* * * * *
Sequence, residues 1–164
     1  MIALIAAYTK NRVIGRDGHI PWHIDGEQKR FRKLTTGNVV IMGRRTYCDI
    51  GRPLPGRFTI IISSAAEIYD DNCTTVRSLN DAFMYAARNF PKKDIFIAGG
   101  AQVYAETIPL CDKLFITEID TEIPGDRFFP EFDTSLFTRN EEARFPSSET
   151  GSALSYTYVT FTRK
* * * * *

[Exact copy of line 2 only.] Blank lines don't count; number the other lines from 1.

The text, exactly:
     1  MIALIAAYTK NRVIGRDGHI PWHIDGEQKR FRKLTTGNVV IMGRRTYCDI